Raman spectra of the samples were measured for two laser wavelengths: 785 and 514 nm. A summary of the results are shown in Figure 8. The photon energy corresponding to a 785 nm wavelength is below the bandgap energy of bulk ZnTe. This, alongside the fact that the PS layer, is less than 2-μm thick allowing the probing beam to reach the substrate; hence, the spectrum is dominated by the crystalline silicon peak at 520 cm−1. The two Raman peaks at 127 and 141 cm−1 are related to crystalline Te precipitates [10] which are usually present in ZnTe and CdTe. Since these Te precipitates are strong Raman scatterers, they can reflect very tiny deviation of the stoichiometry (below the composition resolution of RBS). On the other hand, it has been observed that the laser would contribute to the precipitation or some Te in the surface [11]. No detectable peaks were obtained from ZnTe.

Figure 8
figure 8

Raman spectra of samples measured for 785- and 514-nm laser wavelengths of ZnTe-embedded PS sample.

The laser wavelength of 514 nm (photon energy of 2.409 eV) is slightly above the ZnTe bandgap at room temperature. Therefore, most of the probing beam is absorbed; hence, the substrate Raman signal is barely visible in the spectrum. However, the Raman scattering from ZnTe is very strong. The longitudinal optical phonon mode of ZnTe appears at 204 cm−1. The peaks at multiples of this frequency correspond to the overtones of this fundamental phonon. The enhancement of the Raman signal for ZnTe and the appearance of the overtones may be attributed to a resonance effect indicating that the incident photon energy is very close to the semiconductor bandgap. In this case, the probing photon energy is 2,409 eV, which is 15 meV higher than the bulk ZnTe bandgap at room temperature. This enhancement of the ZnTe bandgap can be attributed to an electronic quantum confinement effect in ZnTe nanostructures. Assuming a spherical shape of the ZnTe clusters, a bandgap widening of 15 meV corresponds to cluster diameters of 13 nm.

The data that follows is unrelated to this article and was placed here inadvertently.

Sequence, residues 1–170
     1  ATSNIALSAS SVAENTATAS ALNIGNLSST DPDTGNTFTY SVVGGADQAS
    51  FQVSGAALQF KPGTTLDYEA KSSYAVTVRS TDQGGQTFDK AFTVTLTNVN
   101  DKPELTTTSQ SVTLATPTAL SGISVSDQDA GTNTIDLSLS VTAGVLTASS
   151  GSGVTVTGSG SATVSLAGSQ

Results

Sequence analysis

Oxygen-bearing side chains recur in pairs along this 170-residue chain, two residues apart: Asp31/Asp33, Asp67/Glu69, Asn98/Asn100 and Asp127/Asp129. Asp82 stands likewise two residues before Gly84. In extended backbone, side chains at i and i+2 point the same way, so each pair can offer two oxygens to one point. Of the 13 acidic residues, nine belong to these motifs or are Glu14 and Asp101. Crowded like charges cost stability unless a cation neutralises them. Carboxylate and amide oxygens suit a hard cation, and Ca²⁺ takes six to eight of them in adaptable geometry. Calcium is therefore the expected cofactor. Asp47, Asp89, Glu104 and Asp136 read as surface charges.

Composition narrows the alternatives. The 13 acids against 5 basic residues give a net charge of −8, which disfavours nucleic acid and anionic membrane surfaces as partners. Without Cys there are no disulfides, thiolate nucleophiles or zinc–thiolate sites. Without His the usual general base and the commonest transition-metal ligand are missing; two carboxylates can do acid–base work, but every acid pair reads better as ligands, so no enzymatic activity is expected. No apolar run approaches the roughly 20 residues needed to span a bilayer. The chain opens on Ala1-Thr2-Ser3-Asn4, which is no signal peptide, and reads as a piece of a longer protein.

In this work, ZnTe and CdSe compounds have been grown in porous silicon by ICSS. XRD and RBS measurements revealed that stoichiometric polycrystalline ZnTe and CdSe are formed. Moreover, in-depth compositional analysis of the RBS data showed that the stoichiometry and content of the semiconductor compounds remain almost constant throughout the porous layer down to the substrate. A resonance in the Raman scattering of the ZnTe phase has been observed in porous silicon layers embedded with ZnTe at photon energies above the bulk ZnTe bandgap, indicating that the semiconductor is growing in nanostructured form inside the pores which induce electronic quantum confinement effects. Results presented in this paper suggest that isothermal close space sublimation is a promising technique for the conformal growth of II-VI semiconductor nanostructures in porous silicon.